Letter: Bosnia - British stance; reactions to the camps; methods of military intervention; 'ethnic cleansing'

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Sir: I am disturbed by Douglas Hurd's disparaging reference on last night's television news to 'journalists' in connection with the alleged camps in Bosnia. Perhaps he should remember that it was precisely journalists (alas, not his officials) who discovered their existence.

None the less, emotion is playing a part in some possibly misleading descriptions - a reminder of the confusion that persists to this day about the various categories of camps in Nazi Europe. Unhappily enough, the terms 'death camp', 'extermination camp' and 'concentration camp' have become part of a universal vocabulary. Now, when we are confronted with an almost intractable problem, it seems to me essential to be very exact in all descriptions and to maintain some sense of proportion.

There can be no doubt that both the Serbs and their opponents in this civil war have established a number of 'facilities', but there has been no indication, and it is highly unlikely, that there are 'death camps' or (the same thing) 'extermination camps'.

Doubtless, on both sides, there are 'reception centres' for the temporary containment of 'refugees' and on the Serbian side for those, appallingly, elected for 'ethnic cleansing' prior to their transport out of the region or abroad. Also, there are so-called 'POW camps' cum 'detention camps' for the imprisonment of opponents.

It is unlikely that any of these places - on either side - are administered benevolently or with the Geneva conventions in mind. Furthermore, there can be little doubt that, at least in some of them, atrocities and excesses take place or are even the norm. But, just as it was impossible to verify this in Nazi Germany when the International Red Cross was given so-called 'access', so, I am quite certain, it will be impossible to verify it here. It is disingenuous to propose IRC inspection as a solution: it is only too easy to launder a camp temporarily and to silence its inhabitants by fear.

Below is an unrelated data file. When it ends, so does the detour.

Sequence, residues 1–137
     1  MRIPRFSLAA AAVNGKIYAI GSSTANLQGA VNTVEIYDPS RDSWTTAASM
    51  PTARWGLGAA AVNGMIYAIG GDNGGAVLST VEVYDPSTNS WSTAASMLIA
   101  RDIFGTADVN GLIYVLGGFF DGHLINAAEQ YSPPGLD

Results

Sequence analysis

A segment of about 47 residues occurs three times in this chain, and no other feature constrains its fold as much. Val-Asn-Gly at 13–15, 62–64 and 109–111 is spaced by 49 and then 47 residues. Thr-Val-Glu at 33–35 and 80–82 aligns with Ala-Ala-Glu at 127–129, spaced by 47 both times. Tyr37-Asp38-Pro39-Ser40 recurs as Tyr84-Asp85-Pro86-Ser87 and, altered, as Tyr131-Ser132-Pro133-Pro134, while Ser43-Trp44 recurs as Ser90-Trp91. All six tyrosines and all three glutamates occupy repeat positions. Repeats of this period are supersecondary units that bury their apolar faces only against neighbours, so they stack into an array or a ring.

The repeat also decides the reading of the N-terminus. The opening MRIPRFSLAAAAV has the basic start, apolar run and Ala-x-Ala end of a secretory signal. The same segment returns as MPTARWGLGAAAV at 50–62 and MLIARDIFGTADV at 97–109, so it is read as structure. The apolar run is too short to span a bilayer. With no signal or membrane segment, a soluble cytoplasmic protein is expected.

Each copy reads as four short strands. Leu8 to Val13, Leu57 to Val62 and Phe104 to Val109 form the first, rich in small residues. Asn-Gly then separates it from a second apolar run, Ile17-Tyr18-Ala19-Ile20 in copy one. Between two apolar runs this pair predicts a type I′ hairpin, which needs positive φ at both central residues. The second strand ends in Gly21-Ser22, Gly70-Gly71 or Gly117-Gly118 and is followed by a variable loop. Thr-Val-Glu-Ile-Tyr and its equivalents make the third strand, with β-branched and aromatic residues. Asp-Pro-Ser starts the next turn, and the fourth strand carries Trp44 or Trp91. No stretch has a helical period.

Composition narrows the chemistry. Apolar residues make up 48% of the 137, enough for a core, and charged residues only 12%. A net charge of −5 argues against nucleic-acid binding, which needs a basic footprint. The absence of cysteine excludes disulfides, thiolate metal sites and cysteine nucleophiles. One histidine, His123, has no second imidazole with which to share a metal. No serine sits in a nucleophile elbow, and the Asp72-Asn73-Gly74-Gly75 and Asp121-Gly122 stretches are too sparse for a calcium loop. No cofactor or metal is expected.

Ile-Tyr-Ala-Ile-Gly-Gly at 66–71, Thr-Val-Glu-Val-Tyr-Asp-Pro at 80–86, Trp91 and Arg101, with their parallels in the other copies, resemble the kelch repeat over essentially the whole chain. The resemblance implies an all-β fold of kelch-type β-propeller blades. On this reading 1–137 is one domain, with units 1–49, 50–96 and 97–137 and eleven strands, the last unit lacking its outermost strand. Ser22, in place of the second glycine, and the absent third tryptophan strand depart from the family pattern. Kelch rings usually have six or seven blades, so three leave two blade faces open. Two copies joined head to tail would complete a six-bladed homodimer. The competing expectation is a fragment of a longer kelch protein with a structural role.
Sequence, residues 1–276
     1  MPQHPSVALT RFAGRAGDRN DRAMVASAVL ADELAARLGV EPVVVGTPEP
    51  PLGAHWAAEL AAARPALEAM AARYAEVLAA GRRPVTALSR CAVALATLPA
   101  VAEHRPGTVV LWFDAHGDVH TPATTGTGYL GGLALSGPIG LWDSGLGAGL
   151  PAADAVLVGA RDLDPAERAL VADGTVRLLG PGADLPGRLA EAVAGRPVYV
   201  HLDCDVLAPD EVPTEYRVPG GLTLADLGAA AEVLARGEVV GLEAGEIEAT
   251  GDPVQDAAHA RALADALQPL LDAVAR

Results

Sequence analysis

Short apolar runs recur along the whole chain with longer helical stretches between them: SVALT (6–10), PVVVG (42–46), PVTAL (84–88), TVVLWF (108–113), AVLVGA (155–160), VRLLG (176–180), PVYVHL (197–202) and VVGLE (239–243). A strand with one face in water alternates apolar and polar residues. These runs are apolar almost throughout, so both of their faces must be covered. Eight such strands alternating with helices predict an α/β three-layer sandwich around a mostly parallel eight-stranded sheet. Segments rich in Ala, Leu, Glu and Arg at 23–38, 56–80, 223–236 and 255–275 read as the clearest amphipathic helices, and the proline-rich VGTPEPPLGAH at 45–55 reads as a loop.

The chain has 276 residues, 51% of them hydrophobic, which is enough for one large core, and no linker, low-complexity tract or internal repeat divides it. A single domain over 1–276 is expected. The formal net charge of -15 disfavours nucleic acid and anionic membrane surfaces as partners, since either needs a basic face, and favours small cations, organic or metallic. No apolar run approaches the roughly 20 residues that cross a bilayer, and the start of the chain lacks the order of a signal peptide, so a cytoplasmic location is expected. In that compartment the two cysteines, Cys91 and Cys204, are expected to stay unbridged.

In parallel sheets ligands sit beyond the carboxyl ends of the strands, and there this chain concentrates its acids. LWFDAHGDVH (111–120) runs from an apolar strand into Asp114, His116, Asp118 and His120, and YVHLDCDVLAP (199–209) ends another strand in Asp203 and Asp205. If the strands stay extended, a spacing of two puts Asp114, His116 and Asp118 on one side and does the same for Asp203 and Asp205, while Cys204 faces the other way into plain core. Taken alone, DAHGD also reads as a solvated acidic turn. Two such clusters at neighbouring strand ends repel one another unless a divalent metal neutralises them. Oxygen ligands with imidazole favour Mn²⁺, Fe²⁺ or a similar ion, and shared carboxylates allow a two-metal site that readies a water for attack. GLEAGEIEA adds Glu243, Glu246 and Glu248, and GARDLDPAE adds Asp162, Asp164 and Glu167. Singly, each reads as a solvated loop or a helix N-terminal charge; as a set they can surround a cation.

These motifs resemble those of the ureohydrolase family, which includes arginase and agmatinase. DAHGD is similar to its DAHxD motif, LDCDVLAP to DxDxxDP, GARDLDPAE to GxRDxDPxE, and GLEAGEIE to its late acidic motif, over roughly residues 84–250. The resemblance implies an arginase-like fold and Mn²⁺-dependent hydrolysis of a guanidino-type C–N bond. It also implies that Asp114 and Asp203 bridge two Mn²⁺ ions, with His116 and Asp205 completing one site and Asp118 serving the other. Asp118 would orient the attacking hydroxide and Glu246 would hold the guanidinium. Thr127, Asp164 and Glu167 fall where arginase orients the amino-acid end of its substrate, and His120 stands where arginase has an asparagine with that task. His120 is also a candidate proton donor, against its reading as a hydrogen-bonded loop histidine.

There is only one solution: all the parties to this new horror must be forced to submit not only to international control, but also to international administration of all these 'camps'. We must run and pay for these installations. It will be difficult for the leaders of this civil war to refuse such a generous offer, and it is the only way to guarantee the safety of those who are being held.

This, may I add, should not be a subject for week-long deliberations by governments or the United Nations while thousands are suffering and dying. The Western prime ministers should be capable of producing, in a one- hour-long telephone conference, an offer the Serbs, Croats, Muslims and Bosnians cannot refuse.

Yours sincerely,


London, W14

7 August